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Tuesday, Jul 27, 2021

Son of late billionaire Eric Hotung awarded HK$1 after 15-year legal feud ends

Son of late billionaire Eric Hotung awarded HK$1 after 15-year legal feud ends

Anthony Hotung took his father and businesswoman Winnie Ho Yuen-ki to court in June 2006, over allegations about her breach of duty as a trustee.

A Hong Kong court on Tuesday concluded a 15-year legal feud within the family of late billionaire Eric Hotung by awarding HK$1 to one of his sons who was not told about his interests in two trusts upon reaching the majority age of 21.

Anthony Hotung took his father Eric and businesswoman Winnie Ho Yuen-ki to court in June 2006, over allegations about the latter’s breach of duty as a trustee and irregularities in the management of Hotung Investment (China).

The two defendants were cousins but also secret lovers with two children. Winnie’s grandfather was Ho Fook, younger brother of influential colonial-era tycoon Robert Hotung, Eric’s grandfather.

Eric died in September 2017, aged 91, and Winnie the following June, aged 95.

Billionaire Eric Hotung was described as a tyrant by his son.

The High Court heard that Winnie, younger sister of late gaming tycoon Stanley Ho Hung-sun, held a number of shares upon trust for Anthony and two of his brothers, Michael Hotung and Sean Hotung, in Hotung Investment and Hotung Enterprises. Eric was the settlor of the two trusts.

There was no serious dispute that Anthony did not know about his interests in the two trusts until around 2000, although he turned 21 in March 1987.

After Anthony learned about those interests, he and some of his brothers sued Winnie demanding she execute a power of attorney empowering them to deal with the shares in the two companies.

In response, their father took out legal proceedings to revoke the trusts on the basis they were made subject to conditions – but failed after a trial in 2005.

Anthony and his father, whom he described as a “control freak” and “tyrant”, also had a dispute about the beneficial interest of a trust concerning a property on MacDonnell Road, which caused their relationship to deteriorate from 1996.

Winnie Ho.

But they eventually settled their differences and Anthony discontinued the present claim against his father and Hotung Estates, the third defendant, in 2009. That left Winnie as the only defendant.

Anthony said she should have told him of his interests in the two trusts when he turned 21.

He also claimed she had failed in her role as a trustee and shareholder of Hotung Investment to make inquiries about the company’s acquisition of land in Kam Tsin, New Territories, for HK$7.4 million in July 1991.

The land was sold to Hotung Estates for HK$17.5 million in December 1998, while adjacent plots were also sold, by the owner Eric, to the same company at the same time.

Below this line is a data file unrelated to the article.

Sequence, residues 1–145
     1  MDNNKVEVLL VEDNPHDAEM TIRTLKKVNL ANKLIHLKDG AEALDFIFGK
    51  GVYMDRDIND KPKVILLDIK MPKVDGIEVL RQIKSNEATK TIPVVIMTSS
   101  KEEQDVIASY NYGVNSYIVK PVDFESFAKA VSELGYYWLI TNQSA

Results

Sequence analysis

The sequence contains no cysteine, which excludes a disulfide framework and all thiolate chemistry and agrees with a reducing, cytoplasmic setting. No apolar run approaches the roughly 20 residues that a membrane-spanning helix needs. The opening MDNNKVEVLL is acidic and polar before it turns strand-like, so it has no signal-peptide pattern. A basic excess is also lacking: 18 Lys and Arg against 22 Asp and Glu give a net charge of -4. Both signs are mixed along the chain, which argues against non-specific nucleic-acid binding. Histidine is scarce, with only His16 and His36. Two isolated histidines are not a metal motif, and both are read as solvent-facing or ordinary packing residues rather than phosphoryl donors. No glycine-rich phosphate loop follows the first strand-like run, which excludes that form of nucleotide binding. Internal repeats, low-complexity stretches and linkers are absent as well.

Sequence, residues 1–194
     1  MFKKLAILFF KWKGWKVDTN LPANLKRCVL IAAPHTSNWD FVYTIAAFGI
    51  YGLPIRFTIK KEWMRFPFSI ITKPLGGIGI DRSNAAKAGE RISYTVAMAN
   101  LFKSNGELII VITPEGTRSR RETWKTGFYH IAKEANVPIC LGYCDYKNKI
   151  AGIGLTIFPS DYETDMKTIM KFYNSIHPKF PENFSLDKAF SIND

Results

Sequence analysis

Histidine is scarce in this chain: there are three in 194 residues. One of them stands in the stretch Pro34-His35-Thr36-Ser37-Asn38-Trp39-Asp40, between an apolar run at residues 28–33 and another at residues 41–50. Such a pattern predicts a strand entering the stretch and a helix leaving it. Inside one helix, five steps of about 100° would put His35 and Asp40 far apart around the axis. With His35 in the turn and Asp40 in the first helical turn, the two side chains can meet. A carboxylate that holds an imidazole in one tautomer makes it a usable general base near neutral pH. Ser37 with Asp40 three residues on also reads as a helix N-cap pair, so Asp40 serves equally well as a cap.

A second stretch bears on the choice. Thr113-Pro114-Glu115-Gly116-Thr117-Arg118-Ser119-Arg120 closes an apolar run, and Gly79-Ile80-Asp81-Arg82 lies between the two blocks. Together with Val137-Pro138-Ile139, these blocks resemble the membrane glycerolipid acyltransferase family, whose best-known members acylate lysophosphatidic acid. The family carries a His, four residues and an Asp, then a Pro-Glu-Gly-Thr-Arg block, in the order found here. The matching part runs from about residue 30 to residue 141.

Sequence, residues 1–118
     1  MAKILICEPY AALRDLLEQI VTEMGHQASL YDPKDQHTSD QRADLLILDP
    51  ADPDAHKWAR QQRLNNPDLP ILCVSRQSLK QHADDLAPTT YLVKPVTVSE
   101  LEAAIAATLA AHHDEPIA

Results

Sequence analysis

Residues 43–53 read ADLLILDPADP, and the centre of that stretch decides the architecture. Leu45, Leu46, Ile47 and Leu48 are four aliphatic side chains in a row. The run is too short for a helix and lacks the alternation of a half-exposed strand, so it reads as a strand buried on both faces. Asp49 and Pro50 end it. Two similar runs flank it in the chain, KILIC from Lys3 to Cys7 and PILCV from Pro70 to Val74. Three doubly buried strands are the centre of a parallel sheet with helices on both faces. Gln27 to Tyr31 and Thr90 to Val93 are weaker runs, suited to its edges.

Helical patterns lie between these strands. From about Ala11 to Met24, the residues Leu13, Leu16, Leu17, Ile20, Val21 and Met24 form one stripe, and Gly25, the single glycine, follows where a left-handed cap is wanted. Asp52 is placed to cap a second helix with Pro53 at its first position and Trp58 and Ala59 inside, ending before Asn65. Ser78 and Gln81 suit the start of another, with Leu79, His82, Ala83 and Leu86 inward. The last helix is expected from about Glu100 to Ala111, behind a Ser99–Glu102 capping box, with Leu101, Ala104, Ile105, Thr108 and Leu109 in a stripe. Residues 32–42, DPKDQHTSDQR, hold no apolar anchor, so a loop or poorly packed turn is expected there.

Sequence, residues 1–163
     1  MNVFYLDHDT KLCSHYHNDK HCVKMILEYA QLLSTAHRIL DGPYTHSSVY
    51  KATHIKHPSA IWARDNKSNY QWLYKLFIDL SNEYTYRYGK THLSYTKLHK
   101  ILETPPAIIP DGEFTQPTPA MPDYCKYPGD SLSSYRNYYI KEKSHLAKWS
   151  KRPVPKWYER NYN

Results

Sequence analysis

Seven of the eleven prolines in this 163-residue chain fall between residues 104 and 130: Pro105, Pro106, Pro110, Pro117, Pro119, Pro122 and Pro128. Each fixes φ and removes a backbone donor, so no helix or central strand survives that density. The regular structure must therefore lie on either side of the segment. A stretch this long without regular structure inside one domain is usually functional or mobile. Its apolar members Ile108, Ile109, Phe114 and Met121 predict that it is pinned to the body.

Eric was a director of Hotung Estates and had a controlling beneficial interest in it.

Hotung Estates eventually sold all of the land to Base One for HK$204 million in April 2000.

Anthony said there were irregularities in these transactions and in the finance and management of Hotung Investment, which had potentially and adversely impacted on the value of the shares he beneficially owned.

He sought to remove Winnie’s role as a trustee. But the issue was resolved in 2012 by a separate court order granting her application to retire.

The case finally went to trial in November 2019.

In a judgment handed down on Tuesday afternoon, Mr Justice David Lok observed: “I have had great difficulty with Anthony’s claim.”

Anthony Hotung pictured leaving the High Court in 2005.

The judge said Anthony had commenced proceedings long ago and presented many claims, but a lot of the allegations had not been properly pleaded or substantiated by the necessary background information or expert evidence.

He also noted Eric was the person who should have been in the best position to know about these transactions but was made a “disinterested party” after Anthony discontinued the claim against his father.

Lok ultimately concluded Winnie had only breached her duty as a trustee in failing to tell Anthony of his interests, which the judge said could have been the result of her being influenced by Eric into thinking the trusts were revocable, hence removing her obligation to inform him.

But Lok also found that the circumstances would not have been very different even if Winnie had told Anthony in 1987, given the son was “afraid of confronting” his father, who was in de facto control of the boards of the two companies at the time and would not have allowed the children to interfere with his running of the business.

And since Anthony could not say what Winnie could have done to protect his beneficial interests, the judge further ruled he had failed to prove any damages resulting from her breach of duty.

“I would say that only a half-hearted attempt has been made by Anthony to pursue his claim at the trial,” Lok wrote. “I only award HK$1 as nominal damage. I do not see the need to grant other relief.”


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